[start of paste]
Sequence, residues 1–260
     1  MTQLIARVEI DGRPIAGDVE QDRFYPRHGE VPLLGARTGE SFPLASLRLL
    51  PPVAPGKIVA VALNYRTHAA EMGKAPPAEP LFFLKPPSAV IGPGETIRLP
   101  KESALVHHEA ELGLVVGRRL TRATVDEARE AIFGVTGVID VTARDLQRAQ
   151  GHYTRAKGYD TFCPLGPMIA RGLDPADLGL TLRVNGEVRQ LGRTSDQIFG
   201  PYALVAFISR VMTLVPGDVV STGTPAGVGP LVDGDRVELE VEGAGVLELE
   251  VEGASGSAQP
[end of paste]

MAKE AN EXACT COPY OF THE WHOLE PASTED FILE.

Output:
Sequence, residues 1–260
     1  MTQLIARVEI DGRPIAGDVE QDRFYPRHGE VPLLGARTGE SFPLASLRLL
    51  PPVAPGKIVA VALNYRTHAA EMGKAPPAEP LFFLKPPSAV IGPGETIRLP
   101  KESALVHHEA ELGLVVGRRL TRATVDEARE AIFGVTGVID VTARDLQRAQ
   151  GHYTRAKGYD TFCPLGPMIA RGLDPADLGL TLRVNGEVRQ LGRTSDQIFG
   201  PYALVAFISR VMTLVPGDVV STGTPAGVGP LVDGDRVELE VEGAGVLELE
   251  VEGASGSAQP